Retaining Employees: Research Shows It’s All About Recognition Done Right

© Andrew Adams -
© Andrew Adams -

This seems to be research reporting week for me. Following on the heels of SHRM/Globoforce research on the bottom-line ROI of employee recognition, is this research from Office Team: Recognize Results: Drive Success through Employee Recognition.”

Surveying office administrative personnel, the survey revealed:

  • 66 percent would leave their current position if not shown appreciation by their manager.
  • 67 percent say receiving recognition greatly or somewhat improves their performance.

Highest rated awards did not involve money

That last point mirrors a client of ours whose internal employee surveys show 93 percent of employees saying receiving formal recognition helps motivate them to sustain high performance.

I’m not surprised by (but pleased to see) survey respondents strongly saying the praise itself is the most meaningful element – being noticed for their work with specific, meaningful and personal messages of thanks and appreciation. As the report noted:

Many of the rewards administrative professionals rated highest did not involve money. Cash, for example, was far down the list. Most forms of recognition ranked highly by administrative professionals are cost-effective. Top responses included an in-person thank-you or communicating an administrator’s achievements to upper management. One professional’s comment may best sum up the power of praise: ‘Simple recognition on a frequent basis keeps me going far more than anything else.’”

Recognizing employees? You MUST do it right

But whatever you do, if you’re going to make the effort to recognize employees, be sure you do it right.

A member of my consulting team keeps a “tombstone” award on her desk from a prior company. Though she received the “President’s Award,” her name is spelled wrong in the engraving. Any personal meaning or value in the award was instantly lost.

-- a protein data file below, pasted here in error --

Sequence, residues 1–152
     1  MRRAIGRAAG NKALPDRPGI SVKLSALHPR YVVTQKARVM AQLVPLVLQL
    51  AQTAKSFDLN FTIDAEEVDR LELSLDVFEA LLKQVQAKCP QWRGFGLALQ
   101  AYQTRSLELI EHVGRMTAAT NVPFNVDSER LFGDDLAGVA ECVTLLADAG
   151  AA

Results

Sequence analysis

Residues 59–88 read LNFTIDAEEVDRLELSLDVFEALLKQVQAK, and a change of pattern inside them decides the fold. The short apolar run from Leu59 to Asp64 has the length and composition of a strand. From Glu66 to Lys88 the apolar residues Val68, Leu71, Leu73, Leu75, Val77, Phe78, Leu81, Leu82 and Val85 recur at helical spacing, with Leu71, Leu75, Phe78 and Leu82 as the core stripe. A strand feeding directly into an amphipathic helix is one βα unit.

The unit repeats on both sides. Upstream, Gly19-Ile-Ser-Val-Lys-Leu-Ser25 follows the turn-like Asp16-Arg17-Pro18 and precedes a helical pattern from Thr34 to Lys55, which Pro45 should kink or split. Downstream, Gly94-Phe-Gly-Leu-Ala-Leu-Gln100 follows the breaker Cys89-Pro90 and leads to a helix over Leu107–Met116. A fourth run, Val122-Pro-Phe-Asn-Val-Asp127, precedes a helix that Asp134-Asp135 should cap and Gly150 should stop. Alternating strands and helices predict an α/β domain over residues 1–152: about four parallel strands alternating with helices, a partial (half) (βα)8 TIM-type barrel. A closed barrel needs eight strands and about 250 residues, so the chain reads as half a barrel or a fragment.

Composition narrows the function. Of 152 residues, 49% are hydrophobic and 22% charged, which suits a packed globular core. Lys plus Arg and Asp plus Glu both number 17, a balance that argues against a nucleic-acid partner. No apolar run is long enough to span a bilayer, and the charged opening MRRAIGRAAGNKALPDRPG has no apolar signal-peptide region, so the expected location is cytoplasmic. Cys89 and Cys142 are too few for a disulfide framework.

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This video from Office Team drives the point home:

Are you truly investing all you can in retaining employees, helping them achieve peak productivity and sustain it over time, and engaging them in the culture of your organization? Without a strategic employee recognition program in place, you’re likely not.

You can find more from Derek Irvine on his Recognize This! blog.

Derek Irvine is one of the world’s foremost experts on employee recognition and engagement, helping business leaders set a higher vision and ambition for their company culture. As the Vice President of Client Strategy and Consulting at Globoforce, Derek helps clients — including some of world’s most admired companies such as Proctor and Gamble, Intuit, KPMG, and Thomson Reuters — leverage recognition strategies and best practices to better manage company culture, elevate employee engagement, increase retention, and improve the bottom line. He's also a renowned speaker and co-author of Winning with a Culture of Recognition. Contact him at


3 Comments on “Retaining Employees: Research Shows It’s All About Recognition Done Right

  1. Very important topic. If you don’t know why your employees are leaving, you are mot a wrll run business. Check out Gallup’s “First: Break All The Rules” for some additional pointers, including the definitive 12 attributes of employee engagement.

  2. So true, Derek. Not all employees prefer to be recognized in the sames ways. A one size fits all recognition strategy is not the way to go. To recognize to retain and engage leaders need to have a relationship with employees, understand their employees wants and needs, and provide what they can per appreciation. 

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